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Those facts interested Bonds, but they did not prove that Duff-Smith was responsible for the deaths of his mother or the Wanstraths. Besides, Duff-Smith had an alibi for the night the Wanstraths died.
The investigators decided to seek the coin-collecting real estate maven, making their way through Duff-Smith's known associates until they came across the name Walter Waldhauser Jr. Bonds found out that Duff-Smith, Waldhauser, and their wives had had reservations to go to Las Vegas on the day the Wanstraths' bodies were found.
The detective figured it was time to pay Waldhauser a visit. During the interview, Bonds fished for information just as he had with Duff-Smith's other friends. He casually mentioned that he'd heard Waldhauser was a coin collector.
Waldhauser said, "Yeah, how'd you know?"
Bonds knew then that he had his man.
But he still had to prove it. Over the next year, he dug into the lives of Duff-Smith and Waldhauser and discovered that they were the biggest con men he'd ever run across. In addition to Duff-Smith's insurance scams, which Bonds says Waldhauser was a part of, the two men were also fascinated by organized crime. Waldhauser sometimes passed himself off as a Mafia attorney, even though he didn't have a law degree.
More than a year after the Wanstraths had been killed, Waldhauser and his wife separated, and his wife allowed the police to search their home. In a pile of garbage, investigators came across five letters from Waldhauser to one Allen Wayne Janecka.
A background check revealed that in 1979, about two months before the deaths of the Wanstraths, Janecka had been present during the murder of a southeast Houston drug dealer, but had never been arrested or charged in the case. The killer was a young guy named Richard Bufkin who, after being granted probation, was already a free man. In November 1980, Bonds located him working on a delivery truck in Corpus Christi.
Bonds asked Bufkin whether Janecka had ever talked about killing anyone else. And the kid replied yeah, that Janecka had had some Mafia deal, that a Mafia lawyer knew a guy who wanted his sister and her husband and baby killed.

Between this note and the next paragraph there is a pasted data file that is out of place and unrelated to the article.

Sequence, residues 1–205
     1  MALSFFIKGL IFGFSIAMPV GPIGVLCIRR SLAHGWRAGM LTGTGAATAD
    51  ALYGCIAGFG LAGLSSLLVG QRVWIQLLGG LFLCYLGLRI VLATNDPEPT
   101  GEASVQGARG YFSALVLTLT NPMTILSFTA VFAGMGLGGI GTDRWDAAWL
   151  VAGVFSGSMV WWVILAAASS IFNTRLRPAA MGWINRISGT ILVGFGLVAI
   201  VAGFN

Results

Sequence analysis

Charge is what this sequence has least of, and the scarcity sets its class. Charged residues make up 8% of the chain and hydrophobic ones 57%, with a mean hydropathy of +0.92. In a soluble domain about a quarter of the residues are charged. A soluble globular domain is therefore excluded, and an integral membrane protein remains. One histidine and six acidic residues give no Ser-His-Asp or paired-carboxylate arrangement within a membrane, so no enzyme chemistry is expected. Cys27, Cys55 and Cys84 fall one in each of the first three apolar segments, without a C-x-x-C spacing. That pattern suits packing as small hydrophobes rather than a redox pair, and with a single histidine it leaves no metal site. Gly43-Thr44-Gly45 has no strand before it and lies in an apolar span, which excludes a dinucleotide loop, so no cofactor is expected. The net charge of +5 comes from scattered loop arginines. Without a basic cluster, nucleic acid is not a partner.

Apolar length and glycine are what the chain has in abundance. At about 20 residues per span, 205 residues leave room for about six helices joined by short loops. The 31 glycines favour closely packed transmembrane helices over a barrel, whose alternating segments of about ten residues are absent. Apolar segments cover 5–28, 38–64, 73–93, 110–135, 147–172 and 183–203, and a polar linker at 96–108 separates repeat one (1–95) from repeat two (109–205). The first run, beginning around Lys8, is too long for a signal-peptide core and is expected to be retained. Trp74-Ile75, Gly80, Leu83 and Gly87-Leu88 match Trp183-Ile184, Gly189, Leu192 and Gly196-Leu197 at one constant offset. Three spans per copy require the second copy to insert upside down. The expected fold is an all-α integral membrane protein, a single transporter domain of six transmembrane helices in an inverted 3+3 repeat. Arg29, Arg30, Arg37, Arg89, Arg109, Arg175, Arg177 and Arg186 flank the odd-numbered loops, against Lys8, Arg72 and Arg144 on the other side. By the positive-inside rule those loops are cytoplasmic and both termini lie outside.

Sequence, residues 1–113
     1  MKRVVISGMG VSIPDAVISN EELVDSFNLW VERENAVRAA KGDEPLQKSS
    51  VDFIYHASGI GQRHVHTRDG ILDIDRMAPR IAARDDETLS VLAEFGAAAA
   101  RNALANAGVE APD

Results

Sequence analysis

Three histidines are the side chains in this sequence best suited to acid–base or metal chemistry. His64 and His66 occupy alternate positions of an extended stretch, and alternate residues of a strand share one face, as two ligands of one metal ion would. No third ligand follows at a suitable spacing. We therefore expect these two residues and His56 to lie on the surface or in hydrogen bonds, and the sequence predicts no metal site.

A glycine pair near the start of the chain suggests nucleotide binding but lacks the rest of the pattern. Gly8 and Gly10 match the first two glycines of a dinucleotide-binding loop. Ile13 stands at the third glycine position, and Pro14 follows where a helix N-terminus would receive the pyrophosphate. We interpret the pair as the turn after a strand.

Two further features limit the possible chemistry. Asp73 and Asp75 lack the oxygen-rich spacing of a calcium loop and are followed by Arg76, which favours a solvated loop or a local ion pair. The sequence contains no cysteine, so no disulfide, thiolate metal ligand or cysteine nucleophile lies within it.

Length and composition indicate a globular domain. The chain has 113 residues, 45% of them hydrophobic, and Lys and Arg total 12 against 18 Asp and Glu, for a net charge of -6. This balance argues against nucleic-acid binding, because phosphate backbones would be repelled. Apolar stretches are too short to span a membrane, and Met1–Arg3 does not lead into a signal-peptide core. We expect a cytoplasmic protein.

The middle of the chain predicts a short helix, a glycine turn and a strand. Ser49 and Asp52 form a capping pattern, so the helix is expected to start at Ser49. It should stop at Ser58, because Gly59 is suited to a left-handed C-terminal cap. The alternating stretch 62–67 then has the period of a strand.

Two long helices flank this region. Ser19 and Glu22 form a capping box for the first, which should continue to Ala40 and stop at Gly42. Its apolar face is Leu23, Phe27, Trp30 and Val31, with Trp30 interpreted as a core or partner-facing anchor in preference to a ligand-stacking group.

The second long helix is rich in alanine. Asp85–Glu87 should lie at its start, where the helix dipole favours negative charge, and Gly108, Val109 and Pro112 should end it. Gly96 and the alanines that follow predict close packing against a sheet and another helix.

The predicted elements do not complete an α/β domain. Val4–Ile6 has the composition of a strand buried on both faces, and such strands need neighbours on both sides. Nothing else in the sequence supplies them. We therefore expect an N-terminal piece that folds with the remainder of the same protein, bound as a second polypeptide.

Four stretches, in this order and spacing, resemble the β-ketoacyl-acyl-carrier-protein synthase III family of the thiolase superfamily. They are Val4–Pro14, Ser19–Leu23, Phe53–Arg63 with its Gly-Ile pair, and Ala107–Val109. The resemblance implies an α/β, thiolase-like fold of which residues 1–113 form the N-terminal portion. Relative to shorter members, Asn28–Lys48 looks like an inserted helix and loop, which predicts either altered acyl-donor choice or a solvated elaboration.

"That's when I knew we were home," remembers Bonds. "After I got that piece of information, within a month we had everything."
In March 1981, Waldhauser signed typewritten statements admitting that, on behalf of Duff-Smith, he had hired Janecka to kill Duff-Smith's mother, sister, brother-in-law, and nephew in exchange for a cut of Duff-Smith's inheritance, which included benefits from the family's life-insurance policies. Waldhauser told police that he'd been an active participant in the Wanstrath killings, spraying the faces of the two adults with Mace. And according to Janecka, Wanstrath had even held Diana Wanstrath to the floor while Janecka shot her in the head.
Waldhauser confessed to another murder plot as well. Waldhauser said he, Duff-Smith, and Janecka had intended to kill Lowell Leggett, a drinking buddy of theirs. They convinced Leggett that they were going to open a restaurant on Lake Conroe near Houston and would make him the manager. To protect their investment, they said, they needed him to take out a $500,000 life-insurance policy naming them the beneficiaries.
"They were going to kill him," says Bonds. "They had already set up the corporate papers, and they were going to take him out on Lake Conroe to scout for a location for the restaurant, and then drown him."
In 1981, a Harris County jury found Duff-Smith guilty of having his mother killed. In 1993, he was put to death by lethal injection. Janecka is currently awaiting execution for the murder of Kevin Wanstrath.
But in exchange for his confessions and a plea of guilty to three counts of capital murder, Waldhauser received what Bonds calls a sweetheart deal: three 30-year sentences to be served concurrently. In 1990, after serving less than 10 years in prison, Waldhauser was paroled.
Bonds' obsession with the Wanstrath case had destroyed his first marriage and almost cost him his career; there was no way he was going to forget the killers. He thought that Waldhauser had gotten off too lightly--and worse, that he is a threat to kill yet again.
Bonds characterizes Waldhauser as extremely cunning, a criminal void of emotion who enjoys playing games.
"He is potentially as dangerous as anybody I've ever dealt with in my life," says Bonds. "I have tried to keep up with him as best I can, because I know this guy is going to do something else."
Although he managed to avoid the death penalty, on April 23, 1990, Walter Waldhauser Jr. in effect died and was reborn as Michael Lee Davis. Less than a month out of prison, he legally changed his name and, somehow, Social Security number--wiping out his identity as a paroled murderer without ever breaking the law.
A spokesman for the Social Security Administration says it is possible to get a new Social Security number legally, but such cases are rare. Waldhauser's situation does not sound like one of these, the spokesman says.
For about three years, Bonds lost track of Waldhauser. During that time, Waldhauser/Davis moved to Arizona and was accepted at the law school of Arizona State University. He made good grades, completed his courses, and was on the verge of accepting his diploma.
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